a first absorbent member contained within said first cavity of said first housing, said first absorbent member containing a moisture imparting evaporative solution;
a first flat member attached to said first flanged edge such that said first cavity is completely enclosed;
first mounting means for detachably mounting said first housing to the interior surface of the case;
at least a second cupped housing having a second flanged edge, said second housing defining a second cavity and at least one aperture passing completely through said second housing;
a second absorbent member contained within said second cavity of said second housing, said second absorbent member containing a moisture imparting evaporative solution;
a second flat member attached to said second flanged edge such that said second cavity is completely enclosed;
second mounting means for detachably mounting said second housing to the interior surface of the case; and
a frangible member connecting said first housing to said second housing along said first flanged edge and said second flanged edge for detachably connecting said first housing to said second housing.
6. The humidor as defined in claim 5 wherein said first housing has a plurality of apertures.
7. The humidor as defined in claim 6 wherein said plurality of apertures are of various sizes.
Description
BACKGROUND OF THE INVENTION

1. Field of the Invention

The present invention relates generally to devices used to control humidity, and particularly well suited for humidifying tobacco product storage cases. More specifically, the present invention is a humidifier device designed to be easily modified to suit the particular needs of a variety of storage cases and capable of being easily replenished or replaced.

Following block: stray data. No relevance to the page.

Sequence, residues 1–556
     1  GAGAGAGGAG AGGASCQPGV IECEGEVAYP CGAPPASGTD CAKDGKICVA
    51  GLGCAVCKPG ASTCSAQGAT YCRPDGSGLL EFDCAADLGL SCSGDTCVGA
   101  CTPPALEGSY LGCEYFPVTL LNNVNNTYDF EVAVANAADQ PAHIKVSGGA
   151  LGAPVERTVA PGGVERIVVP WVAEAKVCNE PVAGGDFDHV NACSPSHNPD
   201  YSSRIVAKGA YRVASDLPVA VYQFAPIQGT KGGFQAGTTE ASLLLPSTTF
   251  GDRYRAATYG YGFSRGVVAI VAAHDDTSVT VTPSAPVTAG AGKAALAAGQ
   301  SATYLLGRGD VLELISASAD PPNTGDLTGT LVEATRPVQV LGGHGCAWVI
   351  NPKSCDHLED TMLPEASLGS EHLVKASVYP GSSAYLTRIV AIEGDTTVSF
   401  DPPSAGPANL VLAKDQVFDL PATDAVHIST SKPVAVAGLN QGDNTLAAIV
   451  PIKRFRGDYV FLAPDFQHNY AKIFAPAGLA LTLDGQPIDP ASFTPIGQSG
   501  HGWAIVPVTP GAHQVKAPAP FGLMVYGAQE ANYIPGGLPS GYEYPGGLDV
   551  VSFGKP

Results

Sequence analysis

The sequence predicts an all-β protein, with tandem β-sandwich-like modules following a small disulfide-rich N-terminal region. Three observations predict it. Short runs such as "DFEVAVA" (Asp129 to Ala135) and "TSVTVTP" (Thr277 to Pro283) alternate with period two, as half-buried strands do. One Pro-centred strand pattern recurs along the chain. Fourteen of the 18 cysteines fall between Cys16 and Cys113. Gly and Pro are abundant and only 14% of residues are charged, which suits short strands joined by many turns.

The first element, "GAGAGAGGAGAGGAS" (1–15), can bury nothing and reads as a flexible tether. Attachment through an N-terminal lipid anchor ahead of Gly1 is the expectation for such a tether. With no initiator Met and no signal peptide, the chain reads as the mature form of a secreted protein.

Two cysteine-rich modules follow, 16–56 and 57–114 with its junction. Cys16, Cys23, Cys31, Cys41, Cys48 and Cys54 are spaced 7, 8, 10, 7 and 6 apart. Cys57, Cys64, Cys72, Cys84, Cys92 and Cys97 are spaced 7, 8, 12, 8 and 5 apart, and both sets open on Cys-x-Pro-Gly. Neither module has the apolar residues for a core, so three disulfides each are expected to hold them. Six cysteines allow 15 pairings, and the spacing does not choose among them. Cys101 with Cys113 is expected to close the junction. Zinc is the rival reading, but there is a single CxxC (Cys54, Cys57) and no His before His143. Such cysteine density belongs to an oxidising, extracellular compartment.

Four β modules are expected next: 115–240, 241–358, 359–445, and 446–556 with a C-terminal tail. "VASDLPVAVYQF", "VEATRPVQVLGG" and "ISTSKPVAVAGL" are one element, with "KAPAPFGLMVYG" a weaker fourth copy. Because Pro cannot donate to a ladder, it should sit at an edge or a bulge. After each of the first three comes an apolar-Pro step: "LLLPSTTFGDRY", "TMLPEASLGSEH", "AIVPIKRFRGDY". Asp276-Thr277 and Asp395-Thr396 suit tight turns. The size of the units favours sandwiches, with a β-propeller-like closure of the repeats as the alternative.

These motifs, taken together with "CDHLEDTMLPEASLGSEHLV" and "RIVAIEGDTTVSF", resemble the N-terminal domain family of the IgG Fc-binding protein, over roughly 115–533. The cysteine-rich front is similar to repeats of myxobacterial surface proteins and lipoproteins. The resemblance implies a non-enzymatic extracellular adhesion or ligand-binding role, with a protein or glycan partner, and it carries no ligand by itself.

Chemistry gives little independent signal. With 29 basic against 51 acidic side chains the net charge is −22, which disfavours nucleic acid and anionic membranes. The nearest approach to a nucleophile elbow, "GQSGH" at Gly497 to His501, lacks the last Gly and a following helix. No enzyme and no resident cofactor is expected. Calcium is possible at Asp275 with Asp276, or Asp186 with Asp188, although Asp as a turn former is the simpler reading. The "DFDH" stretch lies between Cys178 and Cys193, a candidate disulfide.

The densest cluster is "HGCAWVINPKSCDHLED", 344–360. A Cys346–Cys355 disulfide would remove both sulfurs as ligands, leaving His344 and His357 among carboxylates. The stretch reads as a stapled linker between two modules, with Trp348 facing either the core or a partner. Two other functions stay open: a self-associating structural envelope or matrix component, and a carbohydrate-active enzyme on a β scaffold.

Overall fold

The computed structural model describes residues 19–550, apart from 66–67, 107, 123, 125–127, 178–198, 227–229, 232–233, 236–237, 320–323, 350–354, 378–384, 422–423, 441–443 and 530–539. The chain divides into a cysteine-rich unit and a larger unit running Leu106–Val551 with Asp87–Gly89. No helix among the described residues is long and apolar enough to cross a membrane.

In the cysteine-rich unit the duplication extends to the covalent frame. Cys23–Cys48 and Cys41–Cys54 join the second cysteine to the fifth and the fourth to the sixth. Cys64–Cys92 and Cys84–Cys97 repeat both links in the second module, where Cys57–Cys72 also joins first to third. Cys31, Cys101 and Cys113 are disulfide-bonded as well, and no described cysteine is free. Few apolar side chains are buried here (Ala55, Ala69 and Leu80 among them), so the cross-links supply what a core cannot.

2. Description of the Related Art

Humidifying devices have long been used to control the humidity level within an enclosed environment. One specific area in which humidifying devices have been successfully utilized is in storage cases for storing various tobacco products, food items, musical instruments, or other items that benefit from a controlled environment during long periods of storage. Many attempts have been made to design a humidifying device that is inexpensive to manufacture, easy to maintain, and capable of effectively humidifying an enclosed storage case. No other humidifying device has achieved the same level of success as the present invention.

Consequently, there is a need for a device to control humidity within a storage case that is simple in design and, therefore, relatively inexpensive to manufacture and maintain. The humidifying device should include a plurality of discrete units detachably connected to one another, thereby allowing the user to select the proper number of units necessary to control the humidity level in that particular storage case. The device must be capable of being easily replenished or replaced as needed. Furthermore, the device should be easily detachably mounted to the interior of the storage case without requiring the case to be modified or damaged in order to mount the device.

The following patent publications are examples of related inventions. U.S. Pat. No. 1,059,693, issued on Apr. 22, 1913, to Edwin S. Woods describes a humidor having a refillable reservoir with several pads of absorbent material having removable covers attached thereto and wicks that extend from the reservoir to the pads to supply the pads with fluid. The patent to Woods describes a bulky and relatively complex humidifier structure that is, therefore, relatively expensive to manufacture and maintain.

U.S. Pat. No. 1,938,384, issued on Dec. 5, 1933, to Wendell M. Hauch describes a humidor having a removable moistening element container and a mechanism for controlling the amount of moisture released into the humidor. The patent to Hauch describes a humidor containing a humidity control device which occupies a substantial portion of the humidor and is relatively complex in design.